large proportion of local taxes, on which they have varying degrees of control (49
% of operating
revenue in 2022, excluding the CVAE).
To bolster the financial autonomy of local and regional authorities, their capacity to deal with
economic contingencies should be strengthened, without State aid, by developing mechanisms
for reserving revenues, particularly VAT (these are currently limited to property transfer taxes
in the departments). The recent creation of a High Council on Local Government Finances could
also help to better reconcile national and local government finances.
Financial equalisation: a drive that requires further expansion and better targeting
Local and regional authorities are subject to major inequalities in terms of resources and
burdens. While a number of equalisation schemes (totalling €13 billion by 2022)
are improving
the situation of disadvantaged local authorities, there is also considerable room for
For example, the indicators used to equalise local authority resources should be better defined.
Instead of being spread thinly (97 % of local authorities benefit), equalisation should go to those
that need it most. The financial resources for equalisation should be increased: by continuing
to reduce the flat-rate allocation inherited from former taxes in order to finance the increase
in equalisation allocations within the overall operating allocation paid by the State; by
increasing the local revenues deducted to be redistributed to disadvantaged local authorities;
by making internal solidarity arrangements within inter-municipal bodies more widespread.
Finally, the funding arrangements that give rise to inequalities should be reviewed: the VAT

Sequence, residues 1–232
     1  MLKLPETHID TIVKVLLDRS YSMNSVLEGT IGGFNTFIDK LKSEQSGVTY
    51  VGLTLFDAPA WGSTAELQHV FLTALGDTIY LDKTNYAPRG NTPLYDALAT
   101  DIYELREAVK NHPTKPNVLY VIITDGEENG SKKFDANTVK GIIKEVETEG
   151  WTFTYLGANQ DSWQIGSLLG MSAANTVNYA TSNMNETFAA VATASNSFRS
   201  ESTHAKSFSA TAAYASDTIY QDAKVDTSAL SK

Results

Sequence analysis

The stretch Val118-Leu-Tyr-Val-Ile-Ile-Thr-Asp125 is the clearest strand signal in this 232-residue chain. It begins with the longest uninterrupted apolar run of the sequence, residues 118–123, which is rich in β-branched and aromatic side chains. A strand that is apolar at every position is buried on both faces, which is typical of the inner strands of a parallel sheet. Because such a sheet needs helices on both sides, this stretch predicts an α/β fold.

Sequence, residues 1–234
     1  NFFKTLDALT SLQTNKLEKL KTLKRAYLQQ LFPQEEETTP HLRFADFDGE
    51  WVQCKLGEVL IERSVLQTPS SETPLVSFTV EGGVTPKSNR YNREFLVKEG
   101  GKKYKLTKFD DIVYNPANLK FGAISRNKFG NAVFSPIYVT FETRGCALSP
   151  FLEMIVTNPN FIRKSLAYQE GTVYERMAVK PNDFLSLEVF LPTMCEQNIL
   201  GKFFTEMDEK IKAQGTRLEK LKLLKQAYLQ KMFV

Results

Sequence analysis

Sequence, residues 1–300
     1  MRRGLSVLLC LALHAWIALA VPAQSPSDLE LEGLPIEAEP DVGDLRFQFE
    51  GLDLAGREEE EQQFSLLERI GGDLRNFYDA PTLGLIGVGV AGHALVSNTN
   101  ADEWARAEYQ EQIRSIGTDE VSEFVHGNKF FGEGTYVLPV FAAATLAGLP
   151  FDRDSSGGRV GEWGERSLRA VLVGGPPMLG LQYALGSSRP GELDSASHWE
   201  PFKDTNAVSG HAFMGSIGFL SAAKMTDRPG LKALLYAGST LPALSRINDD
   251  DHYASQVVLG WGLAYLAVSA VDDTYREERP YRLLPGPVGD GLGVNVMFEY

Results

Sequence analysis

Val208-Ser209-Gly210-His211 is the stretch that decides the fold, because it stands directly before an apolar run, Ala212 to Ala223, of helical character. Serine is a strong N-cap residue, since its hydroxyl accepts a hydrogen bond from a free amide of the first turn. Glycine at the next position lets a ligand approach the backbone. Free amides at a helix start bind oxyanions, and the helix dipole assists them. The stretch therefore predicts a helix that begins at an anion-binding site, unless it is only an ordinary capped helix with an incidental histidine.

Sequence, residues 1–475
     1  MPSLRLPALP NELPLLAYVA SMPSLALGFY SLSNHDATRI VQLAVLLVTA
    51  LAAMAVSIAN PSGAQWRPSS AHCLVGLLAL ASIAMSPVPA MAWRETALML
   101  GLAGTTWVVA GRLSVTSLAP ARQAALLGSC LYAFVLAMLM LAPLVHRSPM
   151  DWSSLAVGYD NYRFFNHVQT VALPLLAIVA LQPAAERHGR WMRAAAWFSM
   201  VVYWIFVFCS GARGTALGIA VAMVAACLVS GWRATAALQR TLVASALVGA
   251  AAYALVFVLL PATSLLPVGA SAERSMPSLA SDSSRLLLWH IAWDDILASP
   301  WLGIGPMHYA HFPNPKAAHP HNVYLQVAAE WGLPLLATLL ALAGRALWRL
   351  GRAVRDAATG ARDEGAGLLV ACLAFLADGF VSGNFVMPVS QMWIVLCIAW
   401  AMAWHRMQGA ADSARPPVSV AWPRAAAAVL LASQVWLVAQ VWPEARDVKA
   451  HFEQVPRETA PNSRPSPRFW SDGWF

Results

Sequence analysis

fractions that replace former local taxes and the global operating grant (DGF) for the regions
should be distributed between local authorities on the basis of the number and socio-economic
characteristics of their inhabitants, instead of their share of former revenues.
Contracting: an essential form of action that must become more efficient
Both the State and local and regional authorities prefer contractual arrangements to unilateral
decisions when it comes to coordinating their action in many areas, both within and outside
their remit.
Even if contracting can only partially remedy the inefficiencies associated with the
fragmentation of the municipal framework and the overlapping of powers between the State
and local and regional authorities, and between local and regional authorities themselves, the
State’s numerous contractual arrangements with local and regional authorities should continue
to be refocused around the State-region planning contracts and the recovery and ecological
transition contracts with inter-municipal bodies. In addition, the scope of the contractual
arrangements should be strengthened by allowing the necessary time for negotiation,
specifying in a financial appendix the commitments made by each of the signatories and
regularly evaluating their
Read the report
Julie Poissier
Head of Press Relations
+33 (0)6 87 36 52 21
Cour des Comptes
Cour des Comptes